High taxes didn’t give us democracy

By Matthew C Klein Apr 19, 2017 3:30 AM EDT

This story was shared from this site

April 18 was tax day in America this year. Normally a day of lamentation, the contrarians at Slate decided to celebrate the occasion by commissioning a tax law expert to argue that “modern Western democracy is nothing more than a byproduct of a series of tax disputes”.

This is…not right.

While we would never presume to explain the origins of representative government in a single blog post, we think it’s worth highlighting a few alternative theories.

Start by considering why the “tax disputes” highlighted by Professor Chodorow emerged in the first place.

In all three cases he mentions — the Magna Carta, America’s resistance to the Stamp Act and Townshend Acts, and the creation of the US Constitution — the government was trying to extract more from its people to pay for increasingly destructive wars. Greater influence on future decisions would be the compensation for paying up now.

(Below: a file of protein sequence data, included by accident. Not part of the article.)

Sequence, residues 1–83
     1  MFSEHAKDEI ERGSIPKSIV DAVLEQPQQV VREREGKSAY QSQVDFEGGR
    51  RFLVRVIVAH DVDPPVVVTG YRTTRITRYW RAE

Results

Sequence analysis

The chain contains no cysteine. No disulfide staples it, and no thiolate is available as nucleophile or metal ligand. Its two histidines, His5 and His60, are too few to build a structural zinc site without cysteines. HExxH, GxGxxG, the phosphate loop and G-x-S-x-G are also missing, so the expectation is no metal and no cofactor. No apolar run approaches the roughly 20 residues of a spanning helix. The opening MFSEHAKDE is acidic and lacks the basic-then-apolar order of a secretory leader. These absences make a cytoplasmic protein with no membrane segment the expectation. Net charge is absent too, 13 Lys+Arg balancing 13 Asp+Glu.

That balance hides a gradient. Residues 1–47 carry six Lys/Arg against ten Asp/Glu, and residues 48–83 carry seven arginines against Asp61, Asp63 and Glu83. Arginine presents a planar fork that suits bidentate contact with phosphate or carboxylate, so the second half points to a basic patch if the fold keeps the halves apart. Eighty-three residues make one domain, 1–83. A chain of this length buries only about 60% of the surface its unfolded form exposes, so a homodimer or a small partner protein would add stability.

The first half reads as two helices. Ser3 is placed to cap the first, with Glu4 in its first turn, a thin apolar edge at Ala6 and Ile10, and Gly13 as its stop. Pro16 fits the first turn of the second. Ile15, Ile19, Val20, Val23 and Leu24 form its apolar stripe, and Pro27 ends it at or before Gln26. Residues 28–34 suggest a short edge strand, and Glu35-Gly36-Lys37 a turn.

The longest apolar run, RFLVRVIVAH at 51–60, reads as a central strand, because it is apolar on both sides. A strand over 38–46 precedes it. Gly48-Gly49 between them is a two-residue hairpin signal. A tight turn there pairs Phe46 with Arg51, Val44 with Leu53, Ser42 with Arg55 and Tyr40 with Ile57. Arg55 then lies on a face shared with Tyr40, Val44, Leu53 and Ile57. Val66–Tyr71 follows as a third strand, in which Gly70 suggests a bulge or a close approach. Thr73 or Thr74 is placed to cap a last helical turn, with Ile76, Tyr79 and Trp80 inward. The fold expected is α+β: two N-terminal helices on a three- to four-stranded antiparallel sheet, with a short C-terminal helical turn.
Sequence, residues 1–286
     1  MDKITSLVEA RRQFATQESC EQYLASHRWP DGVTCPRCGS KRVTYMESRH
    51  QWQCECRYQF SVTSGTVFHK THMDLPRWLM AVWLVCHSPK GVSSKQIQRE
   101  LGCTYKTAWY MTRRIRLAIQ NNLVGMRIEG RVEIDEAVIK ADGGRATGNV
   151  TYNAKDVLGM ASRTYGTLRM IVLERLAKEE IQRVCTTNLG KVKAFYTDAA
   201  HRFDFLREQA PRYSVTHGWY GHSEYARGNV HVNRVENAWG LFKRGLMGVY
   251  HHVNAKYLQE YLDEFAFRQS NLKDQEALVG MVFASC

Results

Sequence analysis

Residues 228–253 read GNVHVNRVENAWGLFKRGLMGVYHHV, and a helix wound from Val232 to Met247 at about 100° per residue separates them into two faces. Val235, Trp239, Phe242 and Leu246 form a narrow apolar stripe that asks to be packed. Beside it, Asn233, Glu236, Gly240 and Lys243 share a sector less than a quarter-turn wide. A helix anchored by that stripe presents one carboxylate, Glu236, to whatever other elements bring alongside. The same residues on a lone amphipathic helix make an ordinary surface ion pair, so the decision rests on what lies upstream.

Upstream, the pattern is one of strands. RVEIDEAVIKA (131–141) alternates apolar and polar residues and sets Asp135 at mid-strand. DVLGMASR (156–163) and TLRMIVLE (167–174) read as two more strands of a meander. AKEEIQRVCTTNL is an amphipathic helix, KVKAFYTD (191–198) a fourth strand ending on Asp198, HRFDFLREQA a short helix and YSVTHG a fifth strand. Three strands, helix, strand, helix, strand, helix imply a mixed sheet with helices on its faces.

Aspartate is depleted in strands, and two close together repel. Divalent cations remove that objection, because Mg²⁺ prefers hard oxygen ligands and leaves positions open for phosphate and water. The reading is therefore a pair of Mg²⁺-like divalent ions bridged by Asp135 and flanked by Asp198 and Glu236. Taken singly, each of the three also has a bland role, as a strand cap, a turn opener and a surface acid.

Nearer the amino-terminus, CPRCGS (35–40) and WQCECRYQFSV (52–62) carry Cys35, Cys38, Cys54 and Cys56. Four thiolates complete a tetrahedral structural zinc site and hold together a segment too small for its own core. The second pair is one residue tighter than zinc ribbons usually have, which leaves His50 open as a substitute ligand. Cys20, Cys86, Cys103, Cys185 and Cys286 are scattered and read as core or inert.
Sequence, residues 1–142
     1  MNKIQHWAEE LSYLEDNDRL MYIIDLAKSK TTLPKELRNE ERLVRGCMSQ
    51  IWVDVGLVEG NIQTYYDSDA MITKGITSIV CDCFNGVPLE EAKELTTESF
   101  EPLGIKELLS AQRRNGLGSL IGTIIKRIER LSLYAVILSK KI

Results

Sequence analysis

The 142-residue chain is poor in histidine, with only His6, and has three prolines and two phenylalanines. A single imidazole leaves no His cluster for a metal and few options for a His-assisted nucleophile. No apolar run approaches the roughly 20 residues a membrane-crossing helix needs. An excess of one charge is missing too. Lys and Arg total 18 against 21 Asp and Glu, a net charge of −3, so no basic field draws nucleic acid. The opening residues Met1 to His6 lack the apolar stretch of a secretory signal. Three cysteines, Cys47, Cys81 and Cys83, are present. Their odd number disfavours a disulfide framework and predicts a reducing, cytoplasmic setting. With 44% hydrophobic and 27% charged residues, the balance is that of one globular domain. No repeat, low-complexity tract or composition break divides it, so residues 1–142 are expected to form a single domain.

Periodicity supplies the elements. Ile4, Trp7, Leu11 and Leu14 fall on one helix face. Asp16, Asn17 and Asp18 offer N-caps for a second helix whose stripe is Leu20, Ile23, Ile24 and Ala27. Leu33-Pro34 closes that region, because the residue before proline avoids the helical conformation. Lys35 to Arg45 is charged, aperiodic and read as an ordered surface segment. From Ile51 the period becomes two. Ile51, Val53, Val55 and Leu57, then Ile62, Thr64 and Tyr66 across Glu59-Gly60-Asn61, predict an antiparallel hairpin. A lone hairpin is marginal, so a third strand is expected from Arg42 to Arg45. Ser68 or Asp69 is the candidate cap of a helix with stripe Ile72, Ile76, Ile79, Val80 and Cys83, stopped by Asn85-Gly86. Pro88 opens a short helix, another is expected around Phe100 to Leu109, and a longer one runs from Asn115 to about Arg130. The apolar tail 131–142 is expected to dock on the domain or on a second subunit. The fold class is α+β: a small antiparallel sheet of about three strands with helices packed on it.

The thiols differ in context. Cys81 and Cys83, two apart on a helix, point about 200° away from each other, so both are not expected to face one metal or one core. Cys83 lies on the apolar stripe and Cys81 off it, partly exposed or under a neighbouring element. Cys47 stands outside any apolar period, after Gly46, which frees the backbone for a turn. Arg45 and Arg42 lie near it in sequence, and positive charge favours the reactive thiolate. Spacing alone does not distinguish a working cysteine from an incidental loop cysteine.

This didn’t always work. Anyone familiar with the history of the Magna Carta knows that King John had his deal revoked almost immediately — with the help of the Pope — and plunged England into civil war. The barons had to repeatedly win wars against the monarchy over the course of centuries to establish the supremacy of Parliament. Nowadays the Magna Carta is irrelevant to UK law as actually practiced.

American colonists, meanwhile, would have been perplexed by the claim that their capacity for self-government was a response to odious taxes. Self-government and relative independence from Britain were things they had brought with them, in various forms, in the 1600s. Many would have been unwilling to pay more tax even if they could get seats in Westminster, since they knew they would be outnumbered by the English. The revolutionaries were incensed by the perceived change in their status. They were fighting (in part)

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